The ambiguity would seem to be purposeful because if Yahweh had wanted us to celebrate the birth of His Son He would have commanded it whether through Yah'shua Himself or His apostles, but there is not so much as a hint that this was desired, let alone commanded. And this article has not been written to persuade you to celebrate it on one date or the other. Scripture is more interested in the New Birth that comes about as a result of trusting in the Death of the Son of the Most High, and it is that we must always focus on. This being so, why the move to link His conception with what was essentially a late Sukkot - with a feast that couldn't be observed on time because of religious and military oppression by an occupying power and a civil war? Hanukkah was originally 8 days long because Sukkot is 8 days long, not because of the ficticious miracle of one day's oil supply for the Temple menorah supposedly lasting 8 days. Yah'shua was not born 'late' but on time by divine appointment. There were no myths or fables surrounding His conception as there are with Hannukah. His conception was immaculate, Hannukah's full of flaws. And the light that Hanukkah represents is a false light, not the true one which was Yah'shua the Messiah.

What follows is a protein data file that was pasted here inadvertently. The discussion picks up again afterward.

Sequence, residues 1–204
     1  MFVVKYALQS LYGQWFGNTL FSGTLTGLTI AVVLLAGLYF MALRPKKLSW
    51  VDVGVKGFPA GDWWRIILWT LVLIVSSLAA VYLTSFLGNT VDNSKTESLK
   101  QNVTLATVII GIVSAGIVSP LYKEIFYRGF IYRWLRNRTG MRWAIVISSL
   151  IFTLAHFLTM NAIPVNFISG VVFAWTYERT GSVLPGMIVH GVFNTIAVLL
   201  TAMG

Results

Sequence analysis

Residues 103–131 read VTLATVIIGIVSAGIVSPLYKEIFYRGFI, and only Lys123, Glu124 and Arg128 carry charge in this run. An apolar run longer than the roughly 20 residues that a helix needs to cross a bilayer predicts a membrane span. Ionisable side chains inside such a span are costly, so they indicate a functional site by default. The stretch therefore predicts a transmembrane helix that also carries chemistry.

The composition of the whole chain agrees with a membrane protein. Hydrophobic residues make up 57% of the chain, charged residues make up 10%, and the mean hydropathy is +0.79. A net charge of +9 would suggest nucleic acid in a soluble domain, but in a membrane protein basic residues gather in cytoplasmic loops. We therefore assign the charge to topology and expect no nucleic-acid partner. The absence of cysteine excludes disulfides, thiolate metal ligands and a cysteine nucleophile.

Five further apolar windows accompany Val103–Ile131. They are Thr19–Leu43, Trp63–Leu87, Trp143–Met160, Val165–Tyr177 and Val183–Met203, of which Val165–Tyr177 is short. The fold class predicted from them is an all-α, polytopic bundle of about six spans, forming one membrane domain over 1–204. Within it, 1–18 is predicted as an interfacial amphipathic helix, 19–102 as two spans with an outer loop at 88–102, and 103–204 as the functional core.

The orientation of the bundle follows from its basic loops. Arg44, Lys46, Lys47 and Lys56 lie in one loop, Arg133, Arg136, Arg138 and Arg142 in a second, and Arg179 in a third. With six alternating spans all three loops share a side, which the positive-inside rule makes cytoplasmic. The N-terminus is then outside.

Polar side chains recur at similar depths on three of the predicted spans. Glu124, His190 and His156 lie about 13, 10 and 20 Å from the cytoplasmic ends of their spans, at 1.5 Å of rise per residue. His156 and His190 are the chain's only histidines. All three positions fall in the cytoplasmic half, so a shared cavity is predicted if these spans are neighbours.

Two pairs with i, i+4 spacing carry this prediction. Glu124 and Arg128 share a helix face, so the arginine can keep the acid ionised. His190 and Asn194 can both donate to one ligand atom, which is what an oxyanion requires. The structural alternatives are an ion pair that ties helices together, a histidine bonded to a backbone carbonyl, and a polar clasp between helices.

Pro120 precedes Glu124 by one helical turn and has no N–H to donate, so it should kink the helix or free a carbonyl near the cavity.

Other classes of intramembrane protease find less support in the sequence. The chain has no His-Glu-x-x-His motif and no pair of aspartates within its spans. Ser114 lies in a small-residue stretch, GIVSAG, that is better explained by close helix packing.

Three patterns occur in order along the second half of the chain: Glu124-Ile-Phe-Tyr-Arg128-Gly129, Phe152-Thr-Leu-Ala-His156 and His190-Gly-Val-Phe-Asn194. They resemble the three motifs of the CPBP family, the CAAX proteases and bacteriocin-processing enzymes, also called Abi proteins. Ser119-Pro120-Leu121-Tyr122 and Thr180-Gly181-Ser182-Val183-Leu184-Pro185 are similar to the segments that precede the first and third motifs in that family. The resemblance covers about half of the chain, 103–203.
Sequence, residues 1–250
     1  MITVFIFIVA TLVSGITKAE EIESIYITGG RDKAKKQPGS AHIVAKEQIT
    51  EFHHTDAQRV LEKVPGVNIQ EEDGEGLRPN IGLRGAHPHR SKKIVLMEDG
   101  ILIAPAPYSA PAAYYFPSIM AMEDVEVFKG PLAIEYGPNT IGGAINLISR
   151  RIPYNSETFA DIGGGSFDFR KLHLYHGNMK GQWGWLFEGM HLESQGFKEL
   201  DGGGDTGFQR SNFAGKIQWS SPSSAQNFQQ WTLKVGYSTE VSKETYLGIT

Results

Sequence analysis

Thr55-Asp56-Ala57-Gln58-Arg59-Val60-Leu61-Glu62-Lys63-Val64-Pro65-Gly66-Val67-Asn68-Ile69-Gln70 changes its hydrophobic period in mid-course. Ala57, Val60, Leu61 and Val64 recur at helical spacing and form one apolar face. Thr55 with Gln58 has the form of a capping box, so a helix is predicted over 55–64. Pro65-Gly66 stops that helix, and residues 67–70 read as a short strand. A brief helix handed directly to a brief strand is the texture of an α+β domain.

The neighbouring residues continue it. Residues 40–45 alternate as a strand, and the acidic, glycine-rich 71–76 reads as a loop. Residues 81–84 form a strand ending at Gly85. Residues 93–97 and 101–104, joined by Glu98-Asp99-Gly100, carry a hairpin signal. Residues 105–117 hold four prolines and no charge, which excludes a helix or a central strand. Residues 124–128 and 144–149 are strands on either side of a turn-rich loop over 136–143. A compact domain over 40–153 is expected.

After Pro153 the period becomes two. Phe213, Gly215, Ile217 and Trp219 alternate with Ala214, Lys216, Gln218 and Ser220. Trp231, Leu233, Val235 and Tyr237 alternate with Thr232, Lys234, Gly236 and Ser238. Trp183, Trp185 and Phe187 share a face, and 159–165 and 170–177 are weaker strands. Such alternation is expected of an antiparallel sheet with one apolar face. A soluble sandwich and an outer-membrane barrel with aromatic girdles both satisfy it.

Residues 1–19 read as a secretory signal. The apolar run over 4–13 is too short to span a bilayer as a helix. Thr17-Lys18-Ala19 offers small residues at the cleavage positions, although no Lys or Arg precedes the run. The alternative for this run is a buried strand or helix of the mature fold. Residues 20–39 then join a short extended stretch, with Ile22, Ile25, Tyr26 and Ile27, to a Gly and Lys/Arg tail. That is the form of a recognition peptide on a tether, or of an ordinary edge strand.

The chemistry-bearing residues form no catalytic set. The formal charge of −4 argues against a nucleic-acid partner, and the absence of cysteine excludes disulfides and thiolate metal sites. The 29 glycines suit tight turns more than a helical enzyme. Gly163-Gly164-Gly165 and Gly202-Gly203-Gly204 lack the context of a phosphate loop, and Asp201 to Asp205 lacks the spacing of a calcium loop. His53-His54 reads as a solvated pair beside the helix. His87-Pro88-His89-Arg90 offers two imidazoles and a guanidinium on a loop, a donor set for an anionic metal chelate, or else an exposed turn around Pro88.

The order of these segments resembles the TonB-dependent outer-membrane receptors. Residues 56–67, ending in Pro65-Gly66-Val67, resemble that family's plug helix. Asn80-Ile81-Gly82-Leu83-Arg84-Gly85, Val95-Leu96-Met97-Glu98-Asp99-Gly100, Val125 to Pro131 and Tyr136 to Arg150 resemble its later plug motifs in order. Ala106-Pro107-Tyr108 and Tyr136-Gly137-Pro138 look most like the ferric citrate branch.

It took my family several years to see through the illusion that is Hanukkah so I don't blame you if you are confused. Many cling onto it simply because it is 'Jewish' as if everything 'Jewish' has by default a divine imprimatur or authorisation. The Jews, like everyone else, have made mistakes, and like everyone else, they have fallen into unbelief and apostacy. The Old Testament tells you that in no uncertain terms which is why we are to look to Joseph in the New Covenant, not Judah.
The light of truth concerning Hanukkah only dawned on me gradually - it was the last bit of Jewish house-cleaning I had to do to make sure my family was following kosher traditions and not man-made ones. This year we have totally ignored Hanukkah as we have for some years now, and as we ignored Christmas some 25 years ago to the disapproval of both orthodox Christians and Messianics. Instead, we have focussed on the 10th Rosh Chodesh of the year and have been hugely blessed doing that, knowing we have been treading on safe ground in the fear of Yahweh.
Even if Yah'shua was conceived during Hanukkah (and it has to be admitted that that is a possibility) it would still not legitimise it. Making a 'light' connection is not good enough. It is not too late to renounce the lies of the Talmudic elders and ask Yah'shua for a spiritual clean-out of your being, even while Hanukkah is still in progress. There are many messianics who have done this, along with messianic evangelicals such as ourselves. My eyes are on the next Rosh Chodesh! I hope yours will be too. Shalom!